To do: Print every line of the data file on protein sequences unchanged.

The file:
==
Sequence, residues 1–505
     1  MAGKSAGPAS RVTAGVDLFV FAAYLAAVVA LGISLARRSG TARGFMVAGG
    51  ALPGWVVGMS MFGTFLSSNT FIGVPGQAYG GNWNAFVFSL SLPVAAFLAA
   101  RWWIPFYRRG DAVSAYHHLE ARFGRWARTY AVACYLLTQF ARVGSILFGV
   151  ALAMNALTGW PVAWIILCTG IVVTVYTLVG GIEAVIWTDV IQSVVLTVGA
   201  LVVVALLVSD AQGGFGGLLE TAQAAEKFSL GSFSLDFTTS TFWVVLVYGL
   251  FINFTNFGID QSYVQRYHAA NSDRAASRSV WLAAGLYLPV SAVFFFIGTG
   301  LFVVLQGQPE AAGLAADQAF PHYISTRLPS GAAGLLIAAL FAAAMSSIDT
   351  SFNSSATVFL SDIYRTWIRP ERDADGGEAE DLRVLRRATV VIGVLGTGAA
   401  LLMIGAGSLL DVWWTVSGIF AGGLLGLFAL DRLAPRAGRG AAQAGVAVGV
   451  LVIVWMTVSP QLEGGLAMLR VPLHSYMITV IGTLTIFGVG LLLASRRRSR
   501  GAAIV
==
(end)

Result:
Sequence, residues 1–505
     1  MAGKSAGPAS RVTAGVDLFV FAAYLAAVVA LGISLARRSG TARGFMVAGG
    51  ALPGWVVGMS MFGTFLSSNT FIGVPGQAYG GNWNAFVFSL SLPVAAFLAA
   101  RWWIPFYRRG DAVSAYHHLE ARFGRWARTY AVACYLLTQF ARVGSILFGV
   151  ALAMNALTGW PVAWIILCTG IVVTVYTLVG GIEAVIWTDV IQSVVLTVGA
   201  LVVVALLVSD AQGGFGGLLE TAQAAEKFSL GSFSLDFTTS TFWVVLVYGL
   251  FINFTNFGID QSYVQRYHAA NSDRAASRSV WLAAGLYLPV SAVFFFIGTG
   301  LFVVLQGQPE AAGLAADQAF PHYISTRLPS GAAGLLIAAL FAAAMSSIDT
   351  SFNSSATVFL SDIYRTWIRP ERDADGGEAE DLRVLRRATV VIGVLGTGAA
   401  LLMIGAGSLL DVWWTVSGIF AGGLLGLFAL DRLAPRAGRG AAQAGVAVGV
   451  LVIVWMTVSP QLEGGLAMLR VPLHSYMITV IGTLTIFGVG LLLASRRRSR
   501  GAAIV